A young man who spent three years in Rikers Island prison without trial—almost two of them in solitary confinement—after being arrested at age 16 for allegedly stealing a backpack, committed suicide Saturday at age 22.
Kalief Browder's case, brought to light by New Yorker journalist Jennifer Gonnerman in an October 2014 profile, helped raise awareness about New York City's dysfunctional criminal justice system. Browder claimed to have endured beatings by guards as well as other inmates—allegations supported by surveillance footage that emerged earlier this year. While in prison, he attempted suicide multiple times before prosecutors ultimately dropped the charges against him in May 2013.
"He wanted the public to know what he had gone through, so that nobody else would have to endure the same ordeals," Gonnerman wrote on Sunday of Browder's desire to share his tragic story with the world. "His willingness to tell his story publicly—and his ability to recount it with great insight—ultimately helped persuade Mayor Bill de Blasio to try to reform the city’s court system and end the sort of excessive delays that kept him in jail for so long."
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But even as his revelations led to changes at the institutional and citywide level, Browder continued to grapple with personal trauma.
"People tell me because I have this case against the city I'm all right," he told the New Yorker last year. "But I'm not all right. I'm messed up. I know that I might see some money from this case, but that's not going to help me mentally. I'm mentally scarred right now. That's how I feel. Because there are certain things that changed about me and they might not go back."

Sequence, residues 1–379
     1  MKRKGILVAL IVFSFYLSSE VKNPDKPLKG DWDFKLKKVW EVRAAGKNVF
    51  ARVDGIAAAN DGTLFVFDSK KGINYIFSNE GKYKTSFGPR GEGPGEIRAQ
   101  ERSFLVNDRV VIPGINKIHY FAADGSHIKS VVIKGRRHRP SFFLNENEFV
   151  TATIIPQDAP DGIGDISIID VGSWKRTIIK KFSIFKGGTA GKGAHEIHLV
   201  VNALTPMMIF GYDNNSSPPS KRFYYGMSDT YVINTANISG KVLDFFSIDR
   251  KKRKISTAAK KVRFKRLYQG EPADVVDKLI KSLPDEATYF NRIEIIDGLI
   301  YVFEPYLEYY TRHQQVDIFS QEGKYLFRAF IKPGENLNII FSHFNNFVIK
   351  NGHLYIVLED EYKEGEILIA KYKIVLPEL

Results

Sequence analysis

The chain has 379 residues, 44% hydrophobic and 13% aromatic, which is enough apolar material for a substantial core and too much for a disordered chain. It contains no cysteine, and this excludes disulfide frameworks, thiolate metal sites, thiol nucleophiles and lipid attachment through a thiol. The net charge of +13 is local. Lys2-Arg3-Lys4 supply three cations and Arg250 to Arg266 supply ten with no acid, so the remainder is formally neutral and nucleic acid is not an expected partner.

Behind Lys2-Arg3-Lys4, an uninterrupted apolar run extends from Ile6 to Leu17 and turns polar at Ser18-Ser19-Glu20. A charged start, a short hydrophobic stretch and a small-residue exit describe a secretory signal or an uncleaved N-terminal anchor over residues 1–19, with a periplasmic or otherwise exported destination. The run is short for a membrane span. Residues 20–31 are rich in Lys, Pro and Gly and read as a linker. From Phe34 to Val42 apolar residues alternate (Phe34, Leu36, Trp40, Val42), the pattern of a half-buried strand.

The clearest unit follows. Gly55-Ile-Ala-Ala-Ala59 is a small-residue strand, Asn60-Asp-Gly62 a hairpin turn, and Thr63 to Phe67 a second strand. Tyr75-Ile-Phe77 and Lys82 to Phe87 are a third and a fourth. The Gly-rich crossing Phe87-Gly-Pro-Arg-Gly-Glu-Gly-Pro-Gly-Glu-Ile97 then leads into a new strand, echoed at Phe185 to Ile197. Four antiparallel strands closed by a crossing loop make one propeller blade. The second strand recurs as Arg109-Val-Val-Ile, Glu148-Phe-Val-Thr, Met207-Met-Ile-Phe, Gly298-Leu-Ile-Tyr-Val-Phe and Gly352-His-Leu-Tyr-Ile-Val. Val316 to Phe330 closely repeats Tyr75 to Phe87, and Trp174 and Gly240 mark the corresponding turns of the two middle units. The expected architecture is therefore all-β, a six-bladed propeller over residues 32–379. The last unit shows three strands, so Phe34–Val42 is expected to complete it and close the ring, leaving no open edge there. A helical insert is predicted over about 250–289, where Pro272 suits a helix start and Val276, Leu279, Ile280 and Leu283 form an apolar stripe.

As Browder's attorney Paul Prestia said in a phone interview with the LA Times on Sunday evening: "I think what caused the suicide was his incarceration and those hundreds and hundreds of nights in solitary confinement, where there were mice crawling up his sheets in that little cell. Being starved, and not being taken to the shower for two weeks at a time...those were direct contributing factors.…That was the pain and sadness that he had to deal with every day, and I think it was too much for him."
Blogger Shaun King, writing at Daily Kos, was even blunter: "The state of New York is responsible for this young man's death," King wrote. "Officials [at Rikers] ruined this boy's life. Hardly old enough to drive when they locked him up, the destroyed his soul in that prison."
In The Atlantic, Ta-Nehesi Coates agreed that Browder's story is one of systemic cruelty and racism.
"The numbers which people like me bring forth to convey the problems of our justice system are decent tools," Coates wrote on Monday. "But what the numbers can’t convey is what the justice system does to the individual black body."
He continued: "Kalief Browder was an individual, which is to say he was a being with his own passions, his own particular joys, his own strange demons, his own flaws, his own eyes, his own mouth, his own original hands. His family had their own particular stories of him. His friends must remember him in their own original way. The senseless destruction of this individual must necessarily be laid at the feet of the citizens of New York, because it was done by our servants, and it was done in our name."